Most Britons would respond to the phrase “have a break” with the words “have a Kit Kat”. The slogan “Have a break have a Kit Kat” has been used in the advertising of Kit Kat since 1957. The slogan has been Nestlé’s registered trade mark for many years (as have the words KIT KAT). But Nestlé’s attempt to register the words HAVE A BREAK on their own has been successfully opposed by Mars, who can now launch a competitive chocolate bar product called Have a Break.
Nestlé applied to register HAVE A BREAK in 1995 in respect of chocolate and other products. Mars filed a notice of opposition in 1998 and a hearing took place in the Trade Marks Registry on 4 February 2002. Mars’ opposition to Nestlé’s application was upheld and Nestlé appealed to the High Court.
The Hearing Officer in the Trade Marks Registry held that HAVE A BREAK lacked any inherent distinctiveness as a trade mark for a chocolate snack. He also rejected Nestlé’s claim that the mark had acquired a distinctive character as a result of Nestlé’s use of it. Mr Justice Rimer, delivering his judgment in the High Court on Monday, found no reason to interfere with these findings and dismissed Nestlé’s appeal.
The concept of distinctiveness is fundamental in the rarefied world of trade marks. The main function of a trade mark is to distinguish goods or services of the trade mark owner from goods or services having a different origin. A trade mark will therefore not be registered if it is not distinctive.
Because most consumers eat snacks during their breaks the Hearing Officer concluded that HAVE A BREAK had no inherent distinctiveness in relation to snack products. Mr Justice Rimer found this a reasonable conclusion.
Nestlé had tried to prove that even if HAVE A BREAK was not inherently distinctive, they had made it their own – it had acquired a distinctive character as a result of their use of it.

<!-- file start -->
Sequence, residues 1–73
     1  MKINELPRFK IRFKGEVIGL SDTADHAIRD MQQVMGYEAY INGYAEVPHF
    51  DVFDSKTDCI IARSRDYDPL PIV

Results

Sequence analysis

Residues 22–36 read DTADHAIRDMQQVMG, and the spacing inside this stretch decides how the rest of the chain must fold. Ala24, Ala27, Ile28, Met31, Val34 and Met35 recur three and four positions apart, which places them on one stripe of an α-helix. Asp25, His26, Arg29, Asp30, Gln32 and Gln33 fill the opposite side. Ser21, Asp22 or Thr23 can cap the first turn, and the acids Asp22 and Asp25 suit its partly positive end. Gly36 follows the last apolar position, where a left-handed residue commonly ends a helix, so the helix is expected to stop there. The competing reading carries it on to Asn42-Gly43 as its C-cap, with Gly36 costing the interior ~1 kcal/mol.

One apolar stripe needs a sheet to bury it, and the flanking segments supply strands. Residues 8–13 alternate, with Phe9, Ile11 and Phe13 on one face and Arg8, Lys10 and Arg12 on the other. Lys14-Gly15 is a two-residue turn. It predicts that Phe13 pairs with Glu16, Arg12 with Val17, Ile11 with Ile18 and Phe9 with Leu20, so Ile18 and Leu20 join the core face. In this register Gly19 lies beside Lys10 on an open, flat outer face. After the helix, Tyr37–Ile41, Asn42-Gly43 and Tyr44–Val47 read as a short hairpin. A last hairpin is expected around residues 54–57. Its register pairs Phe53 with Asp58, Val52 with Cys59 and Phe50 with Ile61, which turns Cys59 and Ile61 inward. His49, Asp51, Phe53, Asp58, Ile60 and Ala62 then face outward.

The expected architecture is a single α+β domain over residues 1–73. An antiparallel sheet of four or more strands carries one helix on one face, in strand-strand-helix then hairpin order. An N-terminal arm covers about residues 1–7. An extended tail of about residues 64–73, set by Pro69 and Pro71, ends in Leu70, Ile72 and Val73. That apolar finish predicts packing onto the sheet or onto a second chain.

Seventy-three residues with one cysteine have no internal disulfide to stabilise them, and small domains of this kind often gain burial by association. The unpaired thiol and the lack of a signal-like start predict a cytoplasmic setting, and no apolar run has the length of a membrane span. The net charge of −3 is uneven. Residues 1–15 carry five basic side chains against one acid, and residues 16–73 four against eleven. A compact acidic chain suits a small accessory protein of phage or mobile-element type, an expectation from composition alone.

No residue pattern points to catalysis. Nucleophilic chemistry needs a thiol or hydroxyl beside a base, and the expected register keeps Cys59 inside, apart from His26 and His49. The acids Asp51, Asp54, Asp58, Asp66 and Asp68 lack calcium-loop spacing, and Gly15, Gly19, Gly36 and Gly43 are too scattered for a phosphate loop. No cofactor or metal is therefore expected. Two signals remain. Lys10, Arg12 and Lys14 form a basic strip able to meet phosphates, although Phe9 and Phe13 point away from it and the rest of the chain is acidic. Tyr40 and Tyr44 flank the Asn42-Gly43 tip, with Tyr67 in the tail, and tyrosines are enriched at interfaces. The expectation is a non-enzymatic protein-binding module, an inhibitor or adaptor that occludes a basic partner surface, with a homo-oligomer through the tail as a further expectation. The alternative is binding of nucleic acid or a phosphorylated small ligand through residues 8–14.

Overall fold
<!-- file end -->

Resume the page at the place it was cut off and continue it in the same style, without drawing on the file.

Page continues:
Nestlé failed on this front as well. There had only been minimal independent use by Nestlé of the mark HAVE A BREAK. It was almost always used in the context of the whole slogan. The Hearing Officer decided that the words had not been made distinctive by Nestlé and Mr Justice Rimer agreed with this. The Hearing Officer did not believe that a significant proportion of the public, if presented with a chocolate bar called HAVE A BREAK, would believe that it originated from the makers of KIT KAT. Nestlé’s survey, in his view, only showed that respondents would be “reminded” of Kit Kat, nothing more.
The Kit Kat case is surprising in the light of recent developments in Europe concerning slogan trade marks. The UK Trade Marks Registry issued detailed new guidance on slogans in June 2002 in the light of two European cases which suggested that it would be easier to register slogans as trade marks (the Baby-Dry case and the case of Das Prinzip Der Bequemlichkeit). What is clear, however, is that advertisers should not be deterred by the Kit Kat case from applying to register slogans as trade marks. So long as a slogan has some distinctive quality an application should be considered.